More counties switching to paper ballots amid election hacking fears

CLEVELAND -

Tuesday is Cleveland’s Mayoral primary. If you go to vote, you’ll notice, as it has been for years, you’ll be filling out a paper ballot.

This though, is not the norm. In most Ohio counties, a touch screen computer system is used. But it turns out, when it comes to voting, old school is better than new technology.

“In my opinion, old school is better,” said Pat McDonald, the Director of the Cuyahoga County Board of Elections.

Technology is rapidly evolving, but one thing that’s stayed the same though is the fact, a paper trail doesn’t lie.

“It’s great as well for audit trails. So during recounts and auditing purposes, you have that actual, physical piece of paper which is the ballot to compare a hand-count to the actual tabulation system,” said McDonald.

In Cuyahoga County it’s been only paper ballots since 2008.

“The voters here within the county and the state, they’re very confident in having a hard copy to vote on,” said McDonald.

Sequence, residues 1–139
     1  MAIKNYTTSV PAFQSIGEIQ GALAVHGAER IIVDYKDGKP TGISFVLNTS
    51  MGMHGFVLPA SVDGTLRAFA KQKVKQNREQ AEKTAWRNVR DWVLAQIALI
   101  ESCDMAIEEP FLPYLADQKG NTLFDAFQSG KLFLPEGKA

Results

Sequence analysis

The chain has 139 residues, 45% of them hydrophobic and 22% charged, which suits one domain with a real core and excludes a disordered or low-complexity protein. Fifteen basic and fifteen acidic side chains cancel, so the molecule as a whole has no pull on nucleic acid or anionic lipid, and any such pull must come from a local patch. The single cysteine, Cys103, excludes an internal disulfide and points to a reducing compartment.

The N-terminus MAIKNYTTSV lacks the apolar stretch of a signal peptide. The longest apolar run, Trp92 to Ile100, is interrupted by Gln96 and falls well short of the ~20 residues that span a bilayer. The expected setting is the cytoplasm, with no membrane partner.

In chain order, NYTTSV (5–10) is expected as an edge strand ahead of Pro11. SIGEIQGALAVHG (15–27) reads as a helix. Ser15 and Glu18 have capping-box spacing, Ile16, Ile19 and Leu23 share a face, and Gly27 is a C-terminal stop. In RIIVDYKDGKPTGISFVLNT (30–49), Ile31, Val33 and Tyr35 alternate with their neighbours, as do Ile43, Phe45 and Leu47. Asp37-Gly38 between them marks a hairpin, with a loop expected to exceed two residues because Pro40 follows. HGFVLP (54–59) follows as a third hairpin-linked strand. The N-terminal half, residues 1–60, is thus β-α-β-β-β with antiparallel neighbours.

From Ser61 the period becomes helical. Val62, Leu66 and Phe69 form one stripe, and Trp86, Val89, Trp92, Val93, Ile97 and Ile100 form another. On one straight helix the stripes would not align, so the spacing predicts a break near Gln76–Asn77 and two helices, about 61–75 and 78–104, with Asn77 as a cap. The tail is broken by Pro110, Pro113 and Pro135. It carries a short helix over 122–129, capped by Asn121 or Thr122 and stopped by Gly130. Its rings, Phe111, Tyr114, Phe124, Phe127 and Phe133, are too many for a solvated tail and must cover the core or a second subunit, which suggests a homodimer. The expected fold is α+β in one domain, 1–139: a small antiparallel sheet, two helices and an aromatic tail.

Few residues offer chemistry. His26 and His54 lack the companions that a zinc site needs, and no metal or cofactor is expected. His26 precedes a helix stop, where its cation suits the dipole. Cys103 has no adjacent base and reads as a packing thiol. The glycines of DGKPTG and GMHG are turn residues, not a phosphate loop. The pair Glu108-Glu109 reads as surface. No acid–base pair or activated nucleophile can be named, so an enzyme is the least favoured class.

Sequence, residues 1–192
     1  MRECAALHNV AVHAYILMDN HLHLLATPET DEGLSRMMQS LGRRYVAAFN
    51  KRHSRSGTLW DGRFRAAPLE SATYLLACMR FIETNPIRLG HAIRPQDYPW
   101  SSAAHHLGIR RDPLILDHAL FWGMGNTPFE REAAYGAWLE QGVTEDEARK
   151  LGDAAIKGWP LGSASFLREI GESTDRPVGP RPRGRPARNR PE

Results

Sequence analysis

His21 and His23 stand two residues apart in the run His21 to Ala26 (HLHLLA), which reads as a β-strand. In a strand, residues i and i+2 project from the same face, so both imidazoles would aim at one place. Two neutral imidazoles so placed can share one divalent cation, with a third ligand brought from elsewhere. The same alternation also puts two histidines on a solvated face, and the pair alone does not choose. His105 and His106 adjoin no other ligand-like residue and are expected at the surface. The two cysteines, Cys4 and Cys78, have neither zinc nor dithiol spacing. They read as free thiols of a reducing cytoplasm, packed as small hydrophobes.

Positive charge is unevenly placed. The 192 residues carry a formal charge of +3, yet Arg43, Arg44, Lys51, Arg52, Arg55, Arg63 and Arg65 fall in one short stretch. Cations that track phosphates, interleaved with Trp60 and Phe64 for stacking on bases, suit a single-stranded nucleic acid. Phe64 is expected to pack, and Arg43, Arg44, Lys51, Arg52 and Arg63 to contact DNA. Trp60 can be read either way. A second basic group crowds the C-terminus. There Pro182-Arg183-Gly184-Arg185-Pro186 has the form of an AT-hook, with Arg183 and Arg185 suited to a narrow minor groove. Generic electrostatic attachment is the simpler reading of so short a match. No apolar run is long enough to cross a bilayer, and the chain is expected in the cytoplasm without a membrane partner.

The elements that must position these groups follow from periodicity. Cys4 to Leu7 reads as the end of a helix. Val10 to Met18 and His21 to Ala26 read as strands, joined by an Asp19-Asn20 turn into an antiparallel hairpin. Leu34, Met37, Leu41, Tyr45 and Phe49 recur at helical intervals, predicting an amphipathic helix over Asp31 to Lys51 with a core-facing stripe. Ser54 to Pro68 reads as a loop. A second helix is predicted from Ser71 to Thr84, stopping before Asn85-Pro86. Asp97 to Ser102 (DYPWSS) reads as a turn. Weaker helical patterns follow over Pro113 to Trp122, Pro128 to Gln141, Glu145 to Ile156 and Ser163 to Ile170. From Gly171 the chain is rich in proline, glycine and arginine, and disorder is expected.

The county is one of a small handful in Ohio that uses only paper ballots. But this old school trend is making a major comeback.

“In a computer generated election world, you’re still relying, that computer is programmed correctly and they’re tabulating them right,” said McDonald.

Fear of cyber-attacks and election meddling McDonald says, is moving voters to want a more tangible tally. Not to mention, software issues and unreliability have scared a lot of precincts away from the touch screen, computer based voting system.

Also, the traditional long lines you see every Election Day? Well they’re a lot less likely when paper ballots are being used.

“As in a touch screen, computer voting system, you’re only going to have 10-12 voting booths within a location, here you could have 50-60,” said McDonald.

For now, most counties in the U.S. are using computer based voting systems. But officials at the Cuyahoga County Board of Elections think in a couple years, the entire state will be voting with paper ballots.

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